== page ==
She tucks her long blond ponytail into her flak jacket, slings her shiny new Kalashnikov over her shoulder and strides confidently to the sandbagged wall at the edge of her post. First Lt. Adiba Saydo, 25, is making history. She became one of the first Yazidi women to bear arms when she joined the peshmerga, the military forces of the semi-autonomous region of Iraqi Kurdistan. What’s more, she’s serving at the front line on the liberated side of Shingal Mountain in northwestern Iraq, the ancestral home of the Yazidi people.
“It’s an honour to be a Yazidi girl and a peshmerga soldier,” Saydo says. “ISIS killed our people, raped our girls and sold them. They slaughtered our children. I joined the military to defend our honour and our homeland and to make sure this never happens to us again.”
ISIS (also known as Islamic State, Daesh and ISIL) attacked the city and villages in the region of Shingal, in Nineveh province, on Aug. 3, 2014. For almost a week, until the PKK (the Kurdistan Workers’ Party from Turkey) created an escape corridor, ISIS scorched the Yazidis’ emotional earth, beheading men, taking girls and young women as sex slaves, and killing older women, younger children, the elderly and the disabled — anyone considered unworthy of their hateful caliphate.
More than 40,000 Yazidis fled up Shingal Mountain to escape the onslaught but were trapped there without food, water or shelter while ISIS forces guarded the base. Babies died of starvation and dehydration; girls jumped to their death to avoid capture. Five days passed before western countries airdropped food and water. Survivors describe the horror of calling for help on cellphones, beseeching the international community to rescue them from the mountain, and waiting days and nights while their desperate pleas were ignored.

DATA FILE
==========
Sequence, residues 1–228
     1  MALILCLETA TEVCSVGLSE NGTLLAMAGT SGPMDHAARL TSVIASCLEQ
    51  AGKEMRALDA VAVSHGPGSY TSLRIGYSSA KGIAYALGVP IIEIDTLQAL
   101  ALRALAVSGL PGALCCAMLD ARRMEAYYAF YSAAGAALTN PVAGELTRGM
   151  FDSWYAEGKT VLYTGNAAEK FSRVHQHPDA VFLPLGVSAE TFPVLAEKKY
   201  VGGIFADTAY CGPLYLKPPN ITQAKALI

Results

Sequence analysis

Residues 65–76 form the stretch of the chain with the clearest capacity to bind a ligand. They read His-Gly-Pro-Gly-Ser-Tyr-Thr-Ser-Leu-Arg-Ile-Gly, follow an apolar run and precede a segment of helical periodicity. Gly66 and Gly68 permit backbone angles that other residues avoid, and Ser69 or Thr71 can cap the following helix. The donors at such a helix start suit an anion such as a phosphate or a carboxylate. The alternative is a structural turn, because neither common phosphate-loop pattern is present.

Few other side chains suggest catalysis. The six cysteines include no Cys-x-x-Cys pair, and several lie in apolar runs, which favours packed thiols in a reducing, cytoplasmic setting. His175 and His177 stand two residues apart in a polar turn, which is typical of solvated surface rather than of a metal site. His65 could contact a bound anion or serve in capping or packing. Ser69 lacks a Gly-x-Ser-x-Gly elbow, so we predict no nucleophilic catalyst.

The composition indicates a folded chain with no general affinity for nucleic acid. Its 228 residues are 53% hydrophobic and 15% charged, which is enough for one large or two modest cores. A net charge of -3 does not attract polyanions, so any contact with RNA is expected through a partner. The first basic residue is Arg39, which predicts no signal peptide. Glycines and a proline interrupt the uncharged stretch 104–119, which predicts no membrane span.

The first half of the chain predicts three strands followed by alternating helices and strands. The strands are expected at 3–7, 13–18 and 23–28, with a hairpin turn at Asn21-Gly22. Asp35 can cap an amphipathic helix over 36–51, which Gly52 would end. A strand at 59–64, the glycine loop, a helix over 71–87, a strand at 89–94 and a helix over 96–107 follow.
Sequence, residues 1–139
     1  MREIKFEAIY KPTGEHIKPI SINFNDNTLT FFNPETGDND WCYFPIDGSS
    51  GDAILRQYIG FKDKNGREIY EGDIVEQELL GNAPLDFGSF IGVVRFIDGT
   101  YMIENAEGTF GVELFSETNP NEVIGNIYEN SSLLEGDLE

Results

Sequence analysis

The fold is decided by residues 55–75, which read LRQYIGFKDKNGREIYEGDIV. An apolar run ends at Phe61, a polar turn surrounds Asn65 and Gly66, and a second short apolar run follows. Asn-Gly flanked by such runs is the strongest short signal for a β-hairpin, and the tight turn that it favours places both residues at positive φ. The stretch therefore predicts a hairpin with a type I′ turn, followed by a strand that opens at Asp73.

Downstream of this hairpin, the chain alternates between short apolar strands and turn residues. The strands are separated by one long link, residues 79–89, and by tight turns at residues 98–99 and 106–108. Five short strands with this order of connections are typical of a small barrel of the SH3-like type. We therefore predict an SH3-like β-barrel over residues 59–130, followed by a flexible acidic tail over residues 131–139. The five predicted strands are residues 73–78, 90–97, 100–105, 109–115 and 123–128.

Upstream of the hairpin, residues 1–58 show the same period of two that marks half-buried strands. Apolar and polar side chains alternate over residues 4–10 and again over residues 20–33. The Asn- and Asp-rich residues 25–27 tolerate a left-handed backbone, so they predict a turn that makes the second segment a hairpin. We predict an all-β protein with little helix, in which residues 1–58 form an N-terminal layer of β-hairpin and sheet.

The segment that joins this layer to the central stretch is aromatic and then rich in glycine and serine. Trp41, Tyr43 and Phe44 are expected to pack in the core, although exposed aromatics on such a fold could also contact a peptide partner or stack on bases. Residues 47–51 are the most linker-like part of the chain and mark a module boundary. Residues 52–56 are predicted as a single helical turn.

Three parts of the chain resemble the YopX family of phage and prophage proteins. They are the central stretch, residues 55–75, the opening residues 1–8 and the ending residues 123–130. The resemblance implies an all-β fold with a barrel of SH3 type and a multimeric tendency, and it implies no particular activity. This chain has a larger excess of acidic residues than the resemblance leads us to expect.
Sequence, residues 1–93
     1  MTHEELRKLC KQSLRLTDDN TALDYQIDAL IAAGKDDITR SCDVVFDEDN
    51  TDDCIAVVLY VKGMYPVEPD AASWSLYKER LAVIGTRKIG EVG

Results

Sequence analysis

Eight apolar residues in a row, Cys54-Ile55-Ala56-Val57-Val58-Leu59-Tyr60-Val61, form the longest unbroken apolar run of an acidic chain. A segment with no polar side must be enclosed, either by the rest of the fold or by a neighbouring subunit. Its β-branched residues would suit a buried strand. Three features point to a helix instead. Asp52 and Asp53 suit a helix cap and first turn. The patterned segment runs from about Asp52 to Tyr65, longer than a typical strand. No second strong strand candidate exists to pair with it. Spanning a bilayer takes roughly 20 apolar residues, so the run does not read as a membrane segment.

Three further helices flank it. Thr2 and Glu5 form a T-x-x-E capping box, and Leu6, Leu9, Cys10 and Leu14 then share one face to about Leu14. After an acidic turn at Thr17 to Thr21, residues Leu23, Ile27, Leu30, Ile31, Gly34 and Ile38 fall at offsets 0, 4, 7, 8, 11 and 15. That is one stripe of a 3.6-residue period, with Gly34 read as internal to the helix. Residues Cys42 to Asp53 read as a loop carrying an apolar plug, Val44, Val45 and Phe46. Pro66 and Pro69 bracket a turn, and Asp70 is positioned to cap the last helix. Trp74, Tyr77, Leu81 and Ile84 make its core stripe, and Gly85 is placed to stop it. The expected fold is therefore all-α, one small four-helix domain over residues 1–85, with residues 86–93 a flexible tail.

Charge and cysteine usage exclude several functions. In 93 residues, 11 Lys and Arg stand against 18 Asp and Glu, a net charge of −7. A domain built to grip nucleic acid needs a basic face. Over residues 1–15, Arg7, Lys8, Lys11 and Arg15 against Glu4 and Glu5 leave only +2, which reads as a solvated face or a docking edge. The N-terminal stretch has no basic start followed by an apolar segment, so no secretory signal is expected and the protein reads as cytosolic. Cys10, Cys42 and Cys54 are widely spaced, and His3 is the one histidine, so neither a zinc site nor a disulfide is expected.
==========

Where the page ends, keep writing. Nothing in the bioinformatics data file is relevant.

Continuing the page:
Estimates put the global number of Yazidis at about one million. Before the violence in 2014, the vast majority — 700,000 — lived in the Kurdistan region of Iraq, many along the Shingal Mountain range.
Today, an estimated 360,000 Yazidis are displaced and living in crowded camps on the outskirts of Duhok, two hours northeast of Shingal. They’re asking anyone who will listen why the world chose not to rescue them and when it will be safe to go home and restart their lives.
Yazidis claim that this is the 74th genocide they have suffered. History records their persecution as far back as the early Ottoman Empire. They have lived along Shingal (also known as Sinjar) Mountain for centuries, keeping to themselves and practising an ancient religion. Their enemies call them devil worshippers and infidels and therefore fair game for elimination. This time, the slaughter landed them on the world’s radar. When the Canadian government announced in February that 1,200 survivors of ISIS would be brought here to resettle, many wanted to know more: Who are the Yazidis, and why has this happened to them? What is the world doing to right this terrible wrong?